Home » Blog » What Are the Property Rights of an Unmarried Couple?
What Are the Property Rights of an Unmarried Couple?
Florida family laws automatically confer many legal rights to married spouses. For example, they have the right to inheritance, the right to make medical decisions for their spouse if the spouse cannot do so, and the right to shared assets and property.
However, Florida family laws do not confer those same rights to unmarried partners who live together and consider themselves to be in a committed relationship, much like a marriage.
Florida Does Not Recognize Common Law Marriage
Some states recognize the legal theory of common law marriage. Partners who live together and hold themselves out to be spouses can have the same rights as a married couple.
However, Florida does not recognize common law marriage. Florida Statute §741.211 makes common law marriages entered into after January 1, 1968, void. Common law marriages entered into before that date are still valid.
What Is the Putative Marriage Doctrine?
Florida does recognize the putative marriage doctrine. The purpose of the doctrine is to protect a person who believes in good faith they are legally married, even though the marriage is invalid.
For example, a person marries someone who is legally married to another person. The marriage would be invalid by default. However, the putative marriage doctrine might apply if the person in good faith believed that the other person was single and could enter a marriage.
Under the putative marriage doctrine, the spouse who married in good faith would have the same rights, benefits, and privileges as a spouse in a legal marriage. Therefore, the putative spouse would have property rights and be eligible to receive an equitable share of the couple’s “marital” property.
Solutions for Unmarried Couples in Florida Regarding Property Rights
There are several possible solutions for unmarried couples to protect their rights to property they acquire during their relationship.
Titling Property in Both Names
An unmarried couple can title real estate, some personal property, and financial accounts in both names. Each person would own a share in the asset as a joint title holder. However, not all personal property has a title, so this is a limited solution for unmarried couples.
Sign a Cohabitation Agreement
Some couples might consider signing a cohabitation agreement. Cohabitation agreements are legally binding contracts determining how property will be divided if the couple separates.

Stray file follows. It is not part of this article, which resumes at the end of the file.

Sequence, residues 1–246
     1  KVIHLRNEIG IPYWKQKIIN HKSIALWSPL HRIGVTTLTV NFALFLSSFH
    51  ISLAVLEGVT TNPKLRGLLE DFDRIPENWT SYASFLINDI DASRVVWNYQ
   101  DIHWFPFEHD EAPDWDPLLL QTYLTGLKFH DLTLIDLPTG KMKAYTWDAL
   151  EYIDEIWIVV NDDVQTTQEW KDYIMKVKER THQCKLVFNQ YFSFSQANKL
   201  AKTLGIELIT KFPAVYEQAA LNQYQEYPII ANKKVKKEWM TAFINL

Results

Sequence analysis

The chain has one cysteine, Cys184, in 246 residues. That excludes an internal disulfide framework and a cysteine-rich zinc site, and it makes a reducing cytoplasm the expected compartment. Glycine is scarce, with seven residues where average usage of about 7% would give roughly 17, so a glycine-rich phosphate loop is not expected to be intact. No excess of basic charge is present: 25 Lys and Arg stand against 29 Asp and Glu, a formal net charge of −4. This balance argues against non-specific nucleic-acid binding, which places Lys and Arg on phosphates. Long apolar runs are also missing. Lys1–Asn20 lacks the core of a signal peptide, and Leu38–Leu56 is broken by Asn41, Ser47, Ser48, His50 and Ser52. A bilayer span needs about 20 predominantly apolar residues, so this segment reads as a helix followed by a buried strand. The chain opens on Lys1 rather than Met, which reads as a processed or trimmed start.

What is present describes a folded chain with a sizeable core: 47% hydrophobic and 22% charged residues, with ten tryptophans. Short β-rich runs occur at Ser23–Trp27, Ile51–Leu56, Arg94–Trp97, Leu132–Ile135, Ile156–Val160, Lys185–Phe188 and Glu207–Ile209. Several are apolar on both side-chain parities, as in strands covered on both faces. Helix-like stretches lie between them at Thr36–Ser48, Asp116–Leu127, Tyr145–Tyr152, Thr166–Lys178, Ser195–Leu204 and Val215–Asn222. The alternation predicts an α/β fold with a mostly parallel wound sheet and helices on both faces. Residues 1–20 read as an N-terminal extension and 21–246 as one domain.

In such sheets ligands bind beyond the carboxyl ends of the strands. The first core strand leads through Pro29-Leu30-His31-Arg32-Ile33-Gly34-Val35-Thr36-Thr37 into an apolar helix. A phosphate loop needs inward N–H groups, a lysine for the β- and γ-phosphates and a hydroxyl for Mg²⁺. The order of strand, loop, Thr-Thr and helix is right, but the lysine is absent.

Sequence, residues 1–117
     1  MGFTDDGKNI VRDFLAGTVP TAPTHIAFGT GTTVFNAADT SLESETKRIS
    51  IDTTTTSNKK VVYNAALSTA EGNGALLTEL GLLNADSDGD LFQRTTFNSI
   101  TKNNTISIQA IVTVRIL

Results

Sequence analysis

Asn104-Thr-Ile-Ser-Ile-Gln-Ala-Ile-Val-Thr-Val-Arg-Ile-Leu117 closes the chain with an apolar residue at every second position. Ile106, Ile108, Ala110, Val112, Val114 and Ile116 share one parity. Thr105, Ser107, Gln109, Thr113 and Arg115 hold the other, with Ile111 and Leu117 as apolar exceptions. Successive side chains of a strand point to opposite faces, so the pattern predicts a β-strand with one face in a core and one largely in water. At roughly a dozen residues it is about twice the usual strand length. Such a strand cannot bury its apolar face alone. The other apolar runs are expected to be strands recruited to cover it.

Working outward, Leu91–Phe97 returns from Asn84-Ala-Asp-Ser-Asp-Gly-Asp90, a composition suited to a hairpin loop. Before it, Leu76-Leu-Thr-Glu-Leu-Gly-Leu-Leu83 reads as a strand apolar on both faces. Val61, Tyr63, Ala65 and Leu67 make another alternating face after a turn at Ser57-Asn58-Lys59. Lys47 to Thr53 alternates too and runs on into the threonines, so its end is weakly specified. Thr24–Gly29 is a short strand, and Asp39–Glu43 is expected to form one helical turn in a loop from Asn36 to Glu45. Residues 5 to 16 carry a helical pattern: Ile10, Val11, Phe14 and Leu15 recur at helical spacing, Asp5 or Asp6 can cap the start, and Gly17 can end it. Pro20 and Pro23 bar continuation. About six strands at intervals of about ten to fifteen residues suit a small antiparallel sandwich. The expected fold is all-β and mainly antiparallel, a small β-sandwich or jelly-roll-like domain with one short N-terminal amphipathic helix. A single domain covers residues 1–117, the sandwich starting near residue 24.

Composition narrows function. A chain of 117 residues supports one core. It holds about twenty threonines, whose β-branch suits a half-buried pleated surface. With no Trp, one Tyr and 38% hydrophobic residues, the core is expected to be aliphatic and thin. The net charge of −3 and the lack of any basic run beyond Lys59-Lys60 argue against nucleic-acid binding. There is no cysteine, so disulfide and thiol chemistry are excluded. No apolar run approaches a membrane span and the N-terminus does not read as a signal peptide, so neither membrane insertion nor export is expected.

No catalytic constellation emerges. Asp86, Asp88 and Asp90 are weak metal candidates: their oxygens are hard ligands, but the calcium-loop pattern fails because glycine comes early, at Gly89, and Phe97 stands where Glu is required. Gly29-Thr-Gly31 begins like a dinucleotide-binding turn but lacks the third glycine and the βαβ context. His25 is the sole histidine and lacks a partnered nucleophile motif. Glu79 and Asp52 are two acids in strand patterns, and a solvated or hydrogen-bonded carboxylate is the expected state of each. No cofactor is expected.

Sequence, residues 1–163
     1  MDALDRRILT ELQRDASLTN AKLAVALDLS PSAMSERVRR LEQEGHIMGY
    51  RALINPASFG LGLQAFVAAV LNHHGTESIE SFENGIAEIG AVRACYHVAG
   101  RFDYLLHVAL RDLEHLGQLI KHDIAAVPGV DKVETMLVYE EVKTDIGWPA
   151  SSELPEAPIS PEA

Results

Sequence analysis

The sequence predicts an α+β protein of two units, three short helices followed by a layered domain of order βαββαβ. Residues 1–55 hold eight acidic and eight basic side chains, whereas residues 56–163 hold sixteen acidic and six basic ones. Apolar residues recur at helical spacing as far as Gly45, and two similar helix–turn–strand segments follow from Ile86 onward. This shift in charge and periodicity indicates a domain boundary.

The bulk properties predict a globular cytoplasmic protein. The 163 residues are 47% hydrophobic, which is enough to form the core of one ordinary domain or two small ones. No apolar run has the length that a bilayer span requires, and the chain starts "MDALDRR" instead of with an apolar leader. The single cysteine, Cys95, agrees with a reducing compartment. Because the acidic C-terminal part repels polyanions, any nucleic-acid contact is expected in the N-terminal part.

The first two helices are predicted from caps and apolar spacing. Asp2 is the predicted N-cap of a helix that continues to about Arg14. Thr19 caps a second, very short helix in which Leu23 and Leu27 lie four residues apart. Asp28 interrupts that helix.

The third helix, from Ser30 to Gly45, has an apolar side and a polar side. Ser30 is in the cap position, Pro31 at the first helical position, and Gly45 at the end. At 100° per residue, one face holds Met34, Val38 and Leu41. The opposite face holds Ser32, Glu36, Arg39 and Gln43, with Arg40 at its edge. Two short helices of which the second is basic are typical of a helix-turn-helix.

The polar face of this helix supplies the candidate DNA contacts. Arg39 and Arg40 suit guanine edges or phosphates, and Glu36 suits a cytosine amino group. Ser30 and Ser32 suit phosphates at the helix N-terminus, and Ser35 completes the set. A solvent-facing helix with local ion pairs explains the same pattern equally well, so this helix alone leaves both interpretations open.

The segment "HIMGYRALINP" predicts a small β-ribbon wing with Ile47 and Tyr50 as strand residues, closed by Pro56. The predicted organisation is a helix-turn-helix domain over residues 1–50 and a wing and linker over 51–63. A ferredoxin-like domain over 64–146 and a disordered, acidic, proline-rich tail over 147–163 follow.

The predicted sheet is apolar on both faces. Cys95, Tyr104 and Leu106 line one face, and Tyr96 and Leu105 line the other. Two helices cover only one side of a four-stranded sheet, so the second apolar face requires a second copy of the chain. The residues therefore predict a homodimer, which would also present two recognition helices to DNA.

A cohabitation agreement can:
Provide joint access to retirement savings and financial accounts
Determine how assets are divided if the relationship ends
Establish expectations about decisions made for an incapacitated partner
Decide who is responsible for future debts
How the couple will pay for large financial purchases
Whether either party will receive financial support if the couple separates
Expectations regarding inheritance and estate administration
Even though you have a valid cohabitation agreement, it is wise to execute powers of attorney, healthcare directives, Wills, and other estate planning documents that evidence your expectations expressed for these matters.
Can Unmarried Couples Include Child Custody and Child Support Arrangements in a Cohabitation Agreement?
A cohabitation agreement can include Issues related to child support, child custody, parenting plans, and visitation. However, the terms are subject to court review. A judge could modify the agreement if the judge determines the terms are not in the child’s best interest.
Enforcing a Cohabitation Agreement in Florida
Cohabitation agreements are subject to contract law. Therefore, they are enforced just like other contracts. It is wise to work with an experienced Orlando cohabitation agreement lawyer to avoid problems with the enforceability of a cohabitation agreement.
An Orlando cohabitation agreement attorney will ensure that the agreement is:
In writing and signed by both parties
Witnessed by a notary public
The contract contains full disclosures by both parties
The agreement meets the requirements for a valid, enforceable contract under Florida law
The agreement contains provisions for modifying the terms. Generally, modifications must be in writing and signed by both parties.
It is wise for each party to have a separate lawyer to represent them as they negotiate, draft, and sign a cohabitation agreement. Having separate counsel ensures that each party understands their legal rights and the terms of the cohabitation agreement. It also helps in the event that you need to bring the matter to civil court to enforce the terms of the cohabitation agreement if you or your partner ends the relationship.